JANUARY 05, 2016

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Clean Code is Important

Written by: Edwin Henry

It’s important to have a website that looks good, but it’s just as important to make sure everything under the hood is tidy and neat. Due to how intangible coding is versus say, server rack management, it’s a bit harder to grasp how messy code can spell disaster for your backend in the long run. Imagine wires running between the back of your store to the front to your display cases and signage. It might work well enough, but eventually the mess of cables will become obstacles; unlabeled and knotted, they’ll start to get in the way. Eventually you’ll get to a point where you have to tear everything up and start again, at great expense.

Data Security is a big issue for any business, especially web-based businesses that utilize commerce storefronts or other infrastructure where customer’s personal information can be exposed. Poorly written or maintained code can be exploited to download yours or your clients’ personal data that shouldn’t be exposed to the public. There is a saying, “measure twice, cut once,” which basically says: do it right the first time.

You’ve likely heard the horror story before; someone needs a project to be done, and trying to be frugal and thrifty, they cheap out on the labor or service that’ll get the job done. Everything appears fine for a while, until problems start to crop up later, and you find yourself woken up in the middle of the night having to call for because your customer’s private data was breached and you need to do damage control. After the repair, you’ll likely be off much worse than if you had simply paid the premium fee in the first place. And without having your confidence shaken in a shoddy product, you’d be confident and rock solid in backing something you know was made with care and attention to detail.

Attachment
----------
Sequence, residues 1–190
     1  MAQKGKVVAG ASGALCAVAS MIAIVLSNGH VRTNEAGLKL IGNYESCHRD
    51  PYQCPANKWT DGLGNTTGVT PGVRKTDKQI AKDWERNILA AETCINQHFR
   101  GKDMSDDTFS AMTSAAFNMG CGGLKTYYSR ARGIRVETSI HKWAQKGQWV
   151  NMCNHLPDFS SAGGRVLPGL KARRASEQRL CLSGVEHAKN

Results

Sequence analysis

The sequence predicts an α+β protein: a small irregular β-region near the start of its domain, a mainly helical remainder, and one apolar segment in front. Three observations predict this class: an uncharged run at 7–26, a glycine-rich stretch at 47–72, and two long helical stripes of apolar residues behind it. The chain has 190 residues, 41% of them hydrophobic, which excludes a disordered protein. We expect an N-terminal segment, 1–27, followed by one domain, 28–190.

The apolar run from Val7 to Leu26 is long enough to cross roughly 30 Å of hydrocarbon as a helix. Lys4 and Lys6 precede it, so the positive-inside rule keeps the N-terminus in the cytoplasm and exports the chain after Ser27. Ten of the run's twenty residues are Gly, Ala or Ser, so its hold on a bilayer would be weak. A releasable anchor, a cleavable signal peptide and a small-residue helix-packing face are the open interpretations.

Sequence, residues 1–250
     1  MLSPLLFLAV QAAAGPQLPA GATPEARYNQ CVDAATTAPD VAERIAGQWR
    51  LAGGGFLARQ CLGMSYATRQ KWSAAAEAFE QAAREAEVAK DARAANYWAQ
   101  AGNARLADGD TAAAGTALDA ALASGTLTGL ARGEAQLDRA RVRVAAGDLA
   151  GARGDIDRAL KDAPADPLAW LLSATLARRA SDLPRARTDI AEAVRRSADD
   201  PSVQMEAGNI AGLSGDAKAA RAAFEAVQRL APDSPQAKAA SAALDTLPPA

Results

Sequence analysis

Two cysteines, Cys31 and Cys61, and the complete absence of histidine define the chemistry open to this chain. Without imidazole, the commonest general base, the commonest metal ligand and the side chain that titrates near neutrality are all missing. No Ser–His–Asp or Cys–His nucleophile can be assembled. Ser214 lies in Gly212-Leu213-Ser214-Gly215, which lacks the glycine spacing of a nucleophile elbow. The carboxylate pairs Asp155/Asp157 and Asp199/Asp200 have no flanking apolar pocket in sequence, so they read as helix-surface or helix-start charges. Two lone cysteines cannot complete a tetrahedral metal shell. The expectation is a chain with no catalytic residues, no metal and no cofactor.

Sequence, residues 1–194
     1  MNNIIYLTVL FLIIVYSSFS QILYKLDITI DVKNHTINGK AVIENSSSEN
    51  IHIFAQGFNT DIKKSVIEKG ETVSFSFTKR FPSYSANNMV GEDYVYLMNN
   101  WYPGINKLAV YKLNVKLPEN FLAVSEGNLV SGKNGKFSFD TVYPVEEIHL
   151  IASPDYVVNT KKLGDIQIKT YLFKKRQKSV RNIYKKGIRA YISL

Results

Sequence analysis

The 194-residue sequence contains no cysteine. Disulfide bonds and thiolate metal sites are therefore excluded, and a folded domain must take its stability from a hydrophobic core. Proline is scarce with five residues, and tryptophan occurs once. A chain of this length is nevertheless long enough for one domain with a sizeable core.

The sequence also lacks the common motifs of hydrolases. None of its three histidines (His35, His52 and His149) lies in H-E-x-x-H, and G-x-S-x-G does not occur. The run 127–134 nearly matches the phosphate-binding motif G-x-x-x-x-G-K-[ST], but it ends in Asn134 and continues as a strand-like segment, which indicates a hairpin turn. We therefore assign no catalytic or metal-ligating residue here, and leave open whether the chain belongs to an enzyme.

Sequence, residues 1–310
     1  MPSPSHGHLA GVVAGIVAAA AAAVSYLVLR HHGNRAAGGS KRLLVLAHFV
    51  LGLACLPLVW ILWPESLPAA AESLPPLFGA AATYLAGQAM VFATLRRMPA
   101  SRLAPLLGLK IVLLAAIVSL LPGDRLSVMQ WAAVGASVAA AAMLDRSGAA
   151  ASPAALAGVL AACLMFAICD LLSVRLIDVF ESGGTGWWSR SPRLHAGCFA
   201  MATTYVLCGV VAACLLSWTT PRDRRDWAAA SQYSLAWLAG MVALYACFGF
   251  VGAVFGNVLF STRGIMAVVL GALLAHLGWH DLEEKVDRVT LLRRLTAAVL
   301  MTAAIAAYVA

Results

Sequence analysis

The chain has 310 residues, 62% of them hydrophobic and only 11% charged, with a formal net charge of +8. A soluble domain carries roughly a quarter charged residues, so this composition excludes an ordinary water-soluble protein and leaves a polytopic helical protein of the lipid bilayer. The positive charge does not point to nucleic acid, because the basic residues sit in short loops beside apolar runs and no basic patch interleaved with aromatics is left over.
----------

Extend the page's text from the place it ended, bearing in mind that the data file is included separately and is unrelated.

Well written code, along with clear and concise comments, can be an enormous help for any business. Better to pour a solid foundation once rather that have to dig it all up and try and make sense of the chaos that the previous developer left behind.

Along with well-written code, you’ll want to bolster your business’s security by implementing best practices that discourage the flaws that current or future employees might pose – not out of malice, but carelessness. After all, only 27% of data breaches are the result of hackers acting directly.

A majority (about 89%) of breaches occur from malicious code sneaking through exploits or loopholes that can be closed or avoided in the first place with clean code and good behavior. Make sure you and your employees are educated about fishy looking links or websites that might try to piggyback onto your system to take advantage of any flaws that might exist in your architecture.

Starting a new project or looking to get some advice before moving forward? Check out Coding Ninjas for efficient, clean, and accessible code with transparent services and communication.

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